Diehard Dinner. For those still around, come along to the Olympen, an unusual and highly relaxing restaurant in Grønland. It's known for its extensive collection of beers. Those who are interested can gather there at 7pm or so, order off the menu and pay on their own. They have a large somewhat private alcove in the back that we might try to book if there's sufficient interest.

MONDAY (15 May 2017)
Optional all-day bus excursion to Horten, Tønsberg, Sandefjord and Larvik. These town have important connections to Antarctic whaling, exploration and C.A. Larsen. Lunch will be included at the Atlantic Hotel. Price for the excursion will be NOK 650 per person which is approximately US$75, £58, €70.

We have at least four movies we'd like to show sometime during the SouthPole-sium. Two are serious and two are strictly for entertainment (and may not even succeed in that).
    On Friday night as the Reception winds down, probably around 8 or 8:30 we'd like to show in the Cinema one of the wacky ones. It's up to you to decide. The first option is Quick Before it Melts (1964). This has to be one of the worst movies ever made. What saves it for us is it purportedly takes place in the Antarctic. It stars Robert Morse ('How to Succeed in Business without Trying') and George Maharis (remember the TV series 'Route 66?') Actually Amundsen, Scott and Shackleton get a mention. You can see a trailer at http://www.tcm.com/mediaroom/video/278371/Quick-Before-It-Melts-Original-Trailer-.html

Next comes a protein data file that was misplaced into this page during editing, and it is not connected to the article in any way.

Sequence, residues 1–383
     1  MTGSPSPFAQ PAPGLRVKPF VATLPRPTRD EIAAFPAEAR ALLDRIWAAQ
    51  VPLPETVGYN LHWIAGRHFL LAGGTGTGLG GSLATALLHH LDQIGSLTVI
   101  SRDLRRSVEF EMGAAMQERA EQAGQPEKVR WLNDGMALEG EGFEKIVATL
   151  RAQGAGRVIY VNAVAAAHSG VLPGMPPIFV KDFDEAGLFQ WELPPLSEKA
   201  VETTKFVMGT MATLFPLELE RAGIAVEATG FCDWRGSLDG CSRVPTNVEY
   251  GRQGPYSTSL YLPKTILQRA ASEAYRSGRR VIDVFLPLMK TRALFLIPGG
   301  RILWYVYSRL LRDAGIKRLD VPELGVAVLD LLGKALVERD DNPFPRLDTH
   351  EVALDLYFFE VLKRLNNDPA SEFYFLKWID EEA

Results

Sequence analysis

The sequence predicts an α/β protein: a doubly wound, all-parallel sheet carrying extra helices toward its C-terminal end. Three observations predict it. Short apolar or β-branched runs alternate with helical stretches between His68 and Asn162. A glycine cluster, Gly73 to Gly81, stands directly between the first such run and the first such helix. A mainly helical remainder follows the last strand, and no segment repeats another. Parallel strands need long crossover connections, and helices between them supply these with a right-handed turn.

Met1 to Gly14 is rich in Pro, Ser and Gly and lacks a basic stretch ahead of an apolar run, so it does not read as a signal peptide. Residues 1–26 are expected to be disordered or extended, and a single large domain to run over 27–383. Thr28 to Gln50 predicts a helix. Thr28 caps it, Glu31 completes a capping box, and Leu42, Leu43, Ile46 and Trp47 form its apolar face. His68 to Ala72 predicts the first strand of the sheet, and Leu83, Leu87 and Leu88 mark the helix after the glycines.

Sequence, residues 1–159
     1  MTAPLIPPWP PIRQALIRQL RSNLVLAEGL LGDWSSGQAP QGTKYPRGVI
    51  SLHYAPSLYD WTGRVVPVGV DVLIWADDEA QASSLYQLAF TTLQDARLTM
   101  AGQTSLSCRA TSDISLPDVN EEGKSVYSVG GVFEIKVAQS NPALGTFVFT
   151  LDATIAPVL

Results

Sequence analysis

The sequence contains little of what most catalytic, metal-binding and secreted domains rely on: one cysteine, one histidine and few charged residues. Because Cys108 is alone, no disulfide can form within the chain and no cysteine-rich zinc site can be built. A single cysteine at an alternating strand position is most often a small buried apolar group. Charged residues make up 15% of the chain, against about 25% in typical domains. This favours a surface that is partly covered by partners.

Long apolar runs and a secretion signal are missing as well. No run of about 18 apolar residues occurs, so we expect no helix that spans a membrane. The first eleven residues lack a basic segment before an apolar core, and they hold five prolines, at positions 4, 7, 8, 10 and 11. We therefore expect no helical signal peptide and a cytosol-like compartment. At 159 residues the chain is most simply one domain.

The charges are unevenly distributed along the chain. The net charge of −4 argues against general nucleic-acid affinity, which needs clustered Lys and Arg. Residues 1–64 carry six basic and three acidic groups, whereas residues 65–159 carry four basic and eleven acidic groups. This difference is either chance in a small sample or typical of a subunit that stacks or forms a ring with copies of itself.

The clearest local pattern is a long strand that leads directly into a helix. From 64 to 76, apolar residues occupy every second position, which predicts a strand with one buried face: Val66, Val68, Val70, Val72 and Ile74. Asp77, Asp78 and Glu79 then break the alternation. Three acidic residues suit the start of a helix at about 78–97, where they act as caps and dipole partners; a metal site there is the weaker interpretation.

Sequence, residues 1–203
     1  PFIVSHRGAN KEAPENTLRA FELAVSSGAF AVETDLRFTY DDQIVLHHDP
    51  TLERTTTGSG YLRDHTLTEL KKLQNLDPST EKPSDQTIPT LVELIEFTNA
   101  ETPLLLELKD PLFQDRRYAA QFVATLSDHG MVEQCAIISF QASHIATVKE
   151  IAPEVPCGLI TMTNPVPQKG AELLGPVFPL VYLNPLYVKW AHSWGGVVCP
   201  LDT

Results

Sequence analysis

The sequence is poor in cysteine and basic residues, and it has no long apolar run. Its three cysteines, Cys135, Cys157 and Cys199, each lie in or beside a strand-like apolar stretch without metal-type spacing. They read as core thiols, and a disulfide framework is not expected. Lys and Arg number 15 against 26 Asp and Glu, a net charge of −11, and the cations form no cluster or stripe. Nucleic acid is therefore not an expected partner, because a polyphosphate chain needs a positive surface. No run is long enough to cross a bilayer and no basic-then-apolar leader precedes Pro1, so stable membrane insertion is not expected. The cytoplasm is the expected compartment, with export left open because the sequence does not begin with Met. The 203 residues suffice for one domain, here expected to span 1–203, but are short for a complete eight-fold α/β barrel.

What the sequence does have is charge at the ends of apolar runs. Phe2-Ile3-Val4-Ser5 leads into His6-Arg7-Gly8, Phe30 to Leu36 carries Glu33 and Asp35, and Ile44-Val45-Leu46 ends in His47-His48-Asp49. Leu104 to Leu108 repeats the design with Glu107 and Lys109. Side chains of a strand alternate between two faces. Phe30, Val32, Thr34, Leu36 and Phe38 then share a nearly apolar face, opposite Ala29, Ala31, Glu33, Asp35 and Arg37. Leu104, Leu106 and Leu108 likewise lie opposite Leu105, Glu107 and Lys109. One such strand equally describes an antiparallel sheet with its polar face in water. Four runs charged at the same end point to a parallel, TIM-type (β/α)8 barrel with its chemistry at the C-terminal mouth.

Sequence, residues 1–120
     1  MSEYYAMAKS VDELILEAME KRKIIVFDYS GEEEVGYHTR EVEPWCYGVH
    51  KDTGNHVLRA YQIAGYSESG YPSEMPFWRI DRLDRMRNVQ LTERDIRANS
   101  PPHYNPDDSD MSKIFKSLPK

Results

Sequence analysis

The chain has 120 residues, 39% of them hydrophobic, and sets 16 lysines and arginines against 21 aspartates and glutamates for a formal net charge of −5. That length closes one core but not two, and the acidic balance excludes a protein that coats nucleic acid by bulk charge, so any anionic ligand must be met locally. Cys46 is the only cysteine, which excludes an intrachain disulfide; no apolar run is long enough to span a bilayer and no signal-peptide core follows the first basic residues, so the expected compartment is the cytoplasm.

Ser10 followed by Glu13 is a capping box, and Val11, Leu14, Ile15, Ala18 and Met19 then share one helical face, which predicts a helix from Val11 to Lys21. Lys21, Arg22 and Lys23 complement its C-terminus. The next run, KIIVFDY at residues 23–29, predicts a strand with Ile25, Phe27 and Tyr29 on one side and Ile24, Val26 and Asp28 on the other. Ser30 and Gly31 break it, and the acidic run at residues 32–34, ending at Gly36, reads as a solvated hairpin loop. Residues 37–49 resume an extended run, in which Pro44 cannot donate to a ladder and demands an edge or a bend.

The second option is South of Sanity (2012). What's interesting about this is that it is the first feature length fictional film shot entirely on location in Antarctica at "Routledge Research Station" (UK's Rothera Station). And the actors are all BAS overwinterers! A caution: "Contains strong gory violence" (such as death by ice ax and electric drill!). Apparently the "crew used a children's face painting kit for makeup and utilized food coloring and syrup for fake blood." The trailer is at https://www.youtube.com/watch?v=So3cFrApCGE

We'll see one Friday night and the other at another time or not at all.

The more serious ones include a restored film on Byrd's Second Antarctic Expedition that Laura Kissel, the Polar Archivist at The Ohio State University, is bringing along, and a preview version of Tom Henderson's film on American Antarctic aviation, "Ice Eagles." See the trailer at a https://www.youtube.com/watch?v=HZa1R4YTUFk

Here's what Laura says about the film: "Culled from ten reels of 35mm film found in the papers of Admiral Richard E. Byrd and recently preserved by the National Film Preservation Foundation, Byrd 1933 is a glorious cinematic record of the famed explorer's expeditions in 1928-30 and 1933-35. This unprecedented visual diary, shot by Paramount Studios cameramen, was largely a silent film with some short studio recreations. Through extensive archival research in Byrd's own papers, filmmaker Pamela I. Theodotou has painstakingly cataloged film clips using the scripts for Byrd's lectures, crafting a film that captures the expedition as a whole. Byrd's own voice and the environmental and animal sounds of Antarctica originally recorded by scientists on the expedition can be heard in the film thanks to audio found in and adapted from Ohio State's Byrd Papers archive."
You can see a trailer at https://vimeo.com/106352841